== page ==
I had a great time in Tulsa – thank you, Jack White, for putting it on my radar.
Here’s what I especially loved about it – and why you might want to check it out also.
The aesthetics and the vibe of the downtown area are super cool. I’m always fantasizing about gritty old buildings that can be converted into lofts. In Tulsa’s case, old buildings are most likely to be transformed into bars and restaurants.
The people are super friendly. Everyone was incredibly nice and helpful. I met even more people working in hospitality and the arts than I usually do. And as always, they are absolute fonts of knowledge on what to do (and what to skip) in their cities.
I have written about this before and will do it again now. If you are in a new city, find one spot that you love and sit at the counter. You’ll get the lay of the land very quickly and the best recommendations! And, btw, big shout out to the Hodges Bend staff, especially the bartender (Tyler?) for all the stellar restaurant recommendations.
What impressed me on this trip was how many young Tulsans are moving back to their hometown after living in bigger cities like Denver or New York. They’re excited to be back and from what I can tell are shaking things up, especially on the restaurant scene and the arts.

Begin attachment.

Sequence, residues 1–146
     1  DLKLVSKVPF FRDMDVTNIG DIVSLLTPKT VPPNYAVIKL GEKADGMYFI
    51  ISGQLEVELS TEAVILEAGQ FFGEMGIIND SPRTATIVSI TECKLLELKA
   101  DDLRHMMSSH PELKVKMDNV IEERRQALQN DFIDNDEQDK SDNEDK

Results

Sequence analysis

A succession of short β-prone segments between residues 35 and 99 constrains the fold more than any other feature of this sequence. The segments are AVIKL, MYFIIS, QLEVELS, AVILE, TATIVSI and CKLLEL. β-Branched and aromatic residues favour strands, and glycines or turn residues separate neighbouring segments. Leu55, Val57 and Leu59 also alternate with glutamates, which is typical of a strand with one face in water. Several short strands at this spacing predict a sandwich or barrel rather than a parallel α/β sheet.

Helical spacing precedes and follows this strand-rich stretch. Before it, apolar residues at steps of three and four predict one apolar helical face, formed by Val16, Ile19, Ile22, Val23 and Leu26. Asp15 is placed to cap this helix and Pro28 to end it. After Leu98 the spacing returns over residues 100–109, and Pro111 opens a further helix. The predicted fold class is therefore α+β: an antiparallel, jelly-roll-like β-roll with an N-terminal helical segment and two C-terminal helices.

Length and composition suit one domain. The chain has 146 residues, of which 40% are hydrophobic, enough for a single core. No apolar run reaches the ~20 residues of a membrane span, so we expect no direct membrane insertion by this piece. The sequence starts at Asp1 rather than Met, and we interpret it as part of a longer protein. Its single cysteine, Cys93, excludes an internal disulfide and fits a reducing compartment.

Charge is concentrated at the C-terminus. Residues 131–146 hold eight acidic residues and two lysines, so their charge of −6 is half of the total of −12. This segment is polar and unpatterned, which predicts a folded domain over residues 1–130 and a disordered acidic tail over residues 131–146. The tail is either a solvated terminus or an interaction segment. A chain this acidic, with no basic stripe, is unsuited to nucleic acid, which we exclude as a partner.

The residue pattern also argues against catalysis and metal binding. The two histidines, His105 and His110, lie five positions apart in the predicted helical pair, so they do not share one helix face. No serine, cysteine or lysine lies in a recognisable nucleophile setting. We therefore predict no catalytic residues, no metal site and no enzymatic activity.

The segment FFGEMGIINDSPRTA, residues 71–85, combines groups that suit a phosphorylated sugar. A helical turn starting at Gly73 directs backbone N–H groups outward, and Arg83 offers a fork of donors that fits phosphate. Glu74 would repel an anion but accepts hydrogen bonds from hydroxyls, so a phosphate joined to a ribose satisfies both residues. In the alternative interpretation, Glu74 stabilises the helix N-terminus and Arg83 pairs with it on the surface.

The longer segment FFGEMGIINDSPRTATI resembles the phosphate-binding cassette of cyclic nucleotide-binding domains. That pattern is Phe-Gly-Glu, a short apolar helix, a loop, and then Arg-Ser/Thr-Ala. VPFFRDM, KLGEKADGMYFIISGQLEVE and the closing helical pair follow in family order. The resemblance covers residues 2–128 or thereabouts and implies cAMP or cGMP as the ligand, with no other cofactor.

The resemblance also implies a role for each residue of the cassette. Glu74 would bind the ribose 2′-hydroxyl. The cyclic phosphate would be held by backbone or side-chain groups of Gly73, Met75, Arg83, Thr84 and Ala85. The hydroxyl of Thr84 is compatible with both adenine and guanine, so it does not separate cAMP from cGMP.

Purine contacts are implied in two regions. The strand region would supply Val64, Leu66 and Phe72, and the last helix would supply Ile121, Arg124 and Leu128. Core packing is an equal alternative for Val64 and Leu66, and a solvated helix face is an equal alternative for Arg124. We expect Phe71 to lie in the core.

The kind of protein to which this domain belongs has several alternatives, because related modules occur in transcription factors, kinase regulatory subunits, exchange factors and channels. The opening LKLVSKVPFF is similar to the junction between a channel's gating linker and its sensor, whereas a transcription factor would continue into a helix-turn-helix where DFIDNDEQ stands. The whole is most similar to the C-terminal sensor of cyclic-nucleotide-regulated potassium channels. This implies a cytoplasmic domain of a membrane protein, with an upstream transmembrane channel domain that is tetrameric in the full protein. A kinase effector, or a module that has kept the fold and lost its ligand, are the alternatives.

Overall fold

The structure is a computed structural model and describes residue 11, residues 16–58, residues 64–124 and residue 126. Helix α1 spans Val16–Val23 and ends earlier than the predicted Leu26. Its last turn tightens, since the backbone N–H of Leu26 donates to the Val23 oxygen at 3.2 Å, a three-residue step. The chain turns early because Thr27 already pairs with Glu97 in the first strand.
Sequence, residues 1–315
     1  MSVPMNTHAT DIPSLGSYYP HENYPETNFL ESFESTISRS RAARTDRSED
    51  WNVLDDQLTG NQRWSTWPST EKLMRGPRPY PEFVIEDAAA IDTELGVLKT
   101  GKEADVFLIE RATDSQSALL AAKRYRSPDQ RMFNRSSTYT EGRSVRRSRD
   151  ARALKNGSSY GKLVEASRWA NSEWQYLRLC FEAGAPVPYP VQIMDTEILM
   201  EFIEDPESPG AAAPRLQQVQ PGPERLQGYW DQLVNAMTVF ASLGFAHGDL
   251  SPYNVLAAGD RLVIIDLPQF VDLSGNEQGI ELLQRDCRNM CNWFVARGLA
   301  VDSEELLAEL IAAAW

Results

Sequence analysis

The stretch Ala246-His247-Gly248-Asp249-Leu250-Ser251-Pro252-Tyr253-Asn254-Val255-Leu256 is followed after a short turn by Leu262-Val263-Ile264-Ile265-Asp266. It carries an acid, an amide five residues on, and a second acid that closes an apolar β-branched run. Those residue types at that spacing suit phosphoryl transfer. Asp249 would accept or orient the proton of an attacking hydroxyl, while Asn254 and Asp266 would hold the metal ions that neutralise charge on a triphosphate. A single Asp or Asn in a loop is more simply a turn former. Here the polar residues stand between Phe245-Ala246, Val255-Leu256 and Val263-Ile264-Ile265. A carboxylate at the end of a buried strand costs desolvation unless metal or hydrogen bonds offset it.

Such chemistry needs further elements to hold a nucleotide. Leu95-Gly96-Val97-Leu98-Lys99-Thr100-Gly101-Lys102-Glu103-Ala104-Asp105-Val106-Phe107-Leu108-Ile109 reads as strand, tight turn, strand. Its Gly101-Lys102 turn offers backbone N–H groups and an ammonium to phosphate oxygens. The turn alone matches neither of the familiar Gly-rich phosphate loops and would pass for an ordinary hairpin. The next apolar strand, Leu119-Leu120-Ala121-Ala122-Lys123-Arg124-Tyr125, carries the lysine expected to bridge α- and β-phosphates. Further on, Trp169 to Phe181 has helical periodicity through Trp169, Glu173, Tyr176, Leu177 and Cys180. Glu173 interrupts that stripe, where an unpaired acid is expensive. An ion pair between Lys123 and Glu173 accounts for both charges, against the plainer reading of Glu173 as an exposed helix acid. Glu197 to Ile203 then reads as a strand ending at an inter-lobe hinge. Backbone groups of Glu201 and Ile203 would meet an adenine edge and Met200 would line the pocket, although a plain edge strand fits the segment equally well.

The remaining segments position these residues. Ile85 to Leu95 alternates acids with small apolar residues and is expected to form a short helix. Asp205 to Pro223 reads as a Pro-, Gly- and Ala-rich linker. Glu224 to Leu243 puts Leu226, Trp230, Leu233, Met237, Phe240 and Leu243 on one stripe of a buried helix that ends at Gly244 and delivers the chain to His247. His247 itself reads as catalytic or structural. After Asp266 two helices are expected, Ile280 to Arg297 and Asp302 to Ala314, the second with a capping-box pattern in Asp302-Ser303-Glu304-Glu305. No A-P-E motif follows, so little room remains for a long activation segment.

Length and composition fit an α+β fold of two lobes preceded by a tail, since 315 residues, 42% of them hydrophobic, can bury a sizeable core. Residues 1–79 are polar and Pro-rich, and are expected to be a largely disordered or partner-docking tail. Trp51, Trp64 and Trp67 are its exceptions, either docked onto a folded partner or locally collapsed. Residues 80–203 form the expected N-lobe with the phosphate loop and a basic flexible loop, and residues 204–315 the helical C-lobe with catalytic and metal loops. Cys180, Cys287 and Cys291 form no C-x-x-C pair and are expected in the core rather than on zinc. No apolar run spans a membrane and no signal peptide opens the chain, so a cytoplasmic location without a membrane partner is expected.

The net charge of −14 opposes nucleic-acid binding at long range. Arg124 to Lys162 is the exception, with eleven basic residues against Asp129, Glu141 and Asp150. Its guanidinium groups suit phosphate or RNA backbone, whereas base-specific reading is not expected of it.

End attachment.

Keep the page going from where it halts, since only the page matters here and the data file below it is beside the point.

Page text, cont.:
The culture. Tulsa has a strong art scene. The Philbrook Museum is world-class. But music is really at the heart of the city. I like music, but it’s not “my thing” so I can’t talk about it in depth other than to tell you that almost every conversation in Tulsa will start with what music you’ve seen. Not surprisingly, virtually every bar and restaurant features live music.
Tulsa also benefits from the civic-mindedness of its moneyed families, e.g., the Kaiser family just spent $500 million to create Gathering Place – a state of the art riverside park spanning 66 acres along the Arkansas River. It includes an enormous skateboarding park, playgrounds including ones specifically for autistic children, bike trails and a spectacular boathouse which features a “cabinet of wonder” art installation by world-renowned artist Mark Dion. It is magnificent. And, on top of that, the Gathering Place has an endowment to keep it FREE in perpetuity.
One thing that perplexed me was Tulsa’s size. To me, it felt like a really small city. It reminded me of Bentonville (pop: 44K). Imagine my surprise when I found that Tulsa city proper has a population of 400K and total Metro Tulsa is almost a million.
Scroll down for my seven top reasons to check out Tulsa. I highly recommend you tack on a few days and visit the city the next time you’re in that neck of the woods.